CD: Divvy Bikes

PRCS: Community Services/Youth Engagement

PRCS: Gibbs-Morrison Cultural Center

PRCS: Noyes Cultural Arts Center

PRCS: Indoor/Outdoor Recreation Programs

PRCS: Summer Camps

PWA*: Sports Field Maintenance

PRCS: Special Recreation Programs

CD: Long-range planning (comprehensive plan, area plans)

PRCS: Cultural Arts Programs

PWA: Special Assessment Alley Improvements

CD: Storefront Modernization Program

PRCS: Fleetwood-Jourdain Theater

PWA:Tree Preservation Permit Issuance and Enforcement

CD: Business Licensing

PWA: 50/50 Sidewalk Program

PRCS: Certificate of Rehab Programs

CMO*: Tax Assessment Advocacy

PWA: Special Refuse Pickups

PWA: Permits for Block Parties, Moving Vans and Dumpsters

CMO: Administrative Adjudication

CD: Sign Permits and Inspection Services

Fire: Public Education/Community Engagement

PRCS: Recreation Center Bus Program

AS*: School Crossing Guards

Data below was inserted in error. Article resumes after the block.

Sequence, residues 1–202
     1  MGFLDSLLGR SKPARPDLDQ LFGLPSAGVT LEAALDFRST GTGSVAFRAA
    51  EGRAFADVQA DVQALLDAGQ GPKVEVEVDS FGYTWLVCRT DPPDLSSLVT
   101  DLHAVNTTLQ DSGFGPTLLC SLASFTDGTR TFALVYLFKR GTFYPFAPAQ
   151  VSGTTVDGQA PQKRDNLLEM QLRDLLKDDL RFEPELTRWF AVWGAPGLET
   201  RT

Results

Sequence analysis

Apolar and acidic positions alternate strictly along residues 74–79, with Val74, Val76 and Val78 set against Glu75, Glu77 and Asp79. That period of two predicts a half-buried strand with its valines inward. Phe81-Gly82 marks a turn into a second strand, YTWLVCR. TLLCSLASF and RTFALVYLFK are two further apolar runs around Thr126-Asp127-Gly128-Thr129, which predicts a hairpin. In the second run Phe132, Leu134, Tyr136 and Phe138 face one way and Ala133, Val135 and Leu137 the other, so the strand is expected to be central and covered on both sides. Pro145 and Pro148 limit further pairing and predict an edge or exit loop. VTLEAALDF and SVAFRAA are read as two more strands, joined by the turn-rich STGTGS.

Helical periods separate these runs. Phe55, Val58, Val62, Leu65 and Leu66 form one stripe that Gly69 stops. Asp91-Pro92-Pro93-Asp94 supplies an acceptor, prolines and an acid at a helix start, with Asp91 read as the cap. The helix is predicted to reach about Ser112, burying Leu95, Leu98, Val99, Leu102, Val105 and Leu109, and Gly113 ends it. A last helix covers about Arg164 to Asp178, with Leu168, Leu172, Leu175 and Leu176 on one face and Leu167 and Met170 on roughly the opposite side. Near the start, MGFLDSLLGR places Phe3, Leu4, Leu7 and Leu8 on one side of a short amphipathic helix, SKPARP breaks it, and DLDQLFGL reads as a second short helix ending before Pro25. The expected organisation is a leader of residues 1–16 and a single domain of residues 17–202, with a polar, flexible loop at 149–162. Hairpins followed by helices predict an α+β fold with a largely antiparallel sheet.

Health: Vital Records - Birth and Death Certificates

PWA: Lakefront and Beach Maintenance and Cleaning

CMO: Community Arts Administration

CMO: Revenue and Collections – Passport

PWA: Annual Dredging for Boat Launch and Harbor

PWA: Twice Annual Bulk Pickups

PWA: Business District and Park Refuse Pickup and Disposal

Health: Social Services (Victim Advocacy)

CD: Historic Preservation Review

PWA: Dutch Elm Disease Control

CD: Mental Health Board

PWA: Public Art Installation Support

AS: Human Resources – Training

PWA: Special Event Support

PRCS: Subsidized Taxi Cab Coupon Program

CMO: Boards, commission, and committee administration by resolution/ordinance

PWA: Engineering for Parks and Facilities Projects

CMO: Revenue and Collections - Real Estate Transfer Stamps

CMO: Revenue and Collections - Wheel Tax

PWA: Bike Infrastructure Maintenance

PWA: Tree Trimming, Removal and Planting, and Evaluations

Police: Police Building maintenance

PWA: Playground Equipment Maintenance and Repairs

Health: Vacation Rental Permit and Administration (Airbnb)

*Parks, Recreation and Community Service - Community Development - City Manager's Office - Public Works Administration - Administrative Services